What Age Should Kids Get a Phone?
One of the most pressing concerns in the mind of parents whose children are transitioning from single to double digits in their age is when to buy their child a smartphone. Well, this is a question that does not have a “one size fits all” answer. While your child having a cell phone is helpful to stay in touch with your ward, and handy in case of an emergency, there is also the danger of your child getting addicted to it at the cost of their grades, behavior, and social skills. Added to that, there are dangerous elements online where your child can be a victim of cyber bullying and stalking. But on the other hand, a smartphone is also a resource to access a lot of useful information that will help your child in school and in general. For starters, parents will need to judge for themselves if their child is responsible enough for a smartphone.
Is your child is prone to losing things or is generally forgetful?
If that is the case then it’s perhaps wise to wait until they stop the habit. You could buy him/her a cheaper cellphone instead of a smartphone and see how responsible your child is with it. Smartphones are expensive, and your child should be well aware of it. If you are going to buy your child a smartphone, ensure there will be consequences if broken or lost, and that there will be repayment too.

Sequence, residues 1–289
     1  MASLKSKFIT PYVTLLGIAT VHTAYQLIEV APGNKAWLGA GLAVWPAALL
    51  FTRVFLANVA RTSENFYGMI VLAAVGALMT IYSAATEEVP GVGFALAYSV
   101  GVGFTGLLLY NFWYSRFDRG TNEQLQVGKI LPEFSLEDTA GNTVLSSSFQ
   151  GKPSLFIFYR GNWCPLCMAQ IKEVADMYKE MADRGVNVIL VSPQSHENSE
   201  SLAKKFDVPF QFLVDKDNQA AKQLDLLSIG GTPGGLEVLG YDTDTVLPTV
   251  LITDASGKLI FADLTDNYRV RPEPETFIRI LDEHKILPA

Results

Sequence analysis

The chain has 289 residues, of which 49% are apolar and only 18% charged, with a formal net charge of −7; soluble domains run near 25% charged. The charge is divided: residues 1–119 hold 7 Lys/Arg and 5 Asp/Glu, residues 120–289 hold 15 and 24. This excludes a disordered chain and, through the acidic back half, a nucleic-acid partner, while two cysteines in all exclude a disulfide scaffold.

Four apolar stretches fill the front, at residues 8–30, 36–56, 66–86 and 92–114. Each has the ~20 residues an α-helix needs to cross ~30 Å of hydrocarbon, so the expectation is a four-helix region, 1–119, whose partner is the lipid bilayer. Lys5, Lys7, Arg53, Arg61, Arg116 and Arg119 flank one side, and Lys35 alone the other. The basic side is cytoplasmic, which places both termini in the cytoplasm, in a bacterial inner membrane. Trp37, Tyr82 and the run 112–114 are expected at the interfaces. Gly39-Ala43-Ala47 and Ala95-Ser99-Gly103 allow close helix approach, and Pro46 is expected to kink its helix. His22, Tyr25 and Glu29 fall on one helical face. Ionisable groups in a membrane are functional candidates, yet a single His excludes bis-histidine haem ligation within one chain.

How careful is your child with money?
Does s/he always finish their pocket money every month on impulse purchases? This is crucial if you want to limit the budget of your child's data and calls. Choosing a prepaid connection can establish a monthly limit. If your child is careful with money, he may not splurge on buying more lives for a video game on an impulse. (Especially true if your credit card is linked to your child's app store account)
How good is your child with rules, at home and at school?
This will be essential in setting limits on usage and general screen time for the day. Before you hand it over to your child, ensure they are well aware of the rules and the consequences of not following them. These rules should include details like parents will know the passcodes to their phones.
Mobile phones will not be entertained at meals and family events. You should have a curfew time post which your child will hand over their phone to you and you can return it before they go to school the next day. Any unacceptable behavior online, like cyberbullying, stalking or sending of mean and abusive posts will mean revoking all cell phone privileges. That smartphones are not a replacement for important conversations is something you have to stress onto them.
A few more tips on buying your child a cell phone.
Do not take your child to the store to buy them a phone. They will believe they have some say in the matter and might nudge you into buying a phone and a plan that is over your budget.
Talk to the sales executive and find out all the parental controls that you can adjust on your kid's phone.
It is better to block location sharing, except for certain apps, as some apps can post location info without any human intervention.
Ensure your child doesn’t share any photo or posts to strangers. Have them lock their social media settings only to ‘friends’ and also have a similar setting on their Instagram and other social media.
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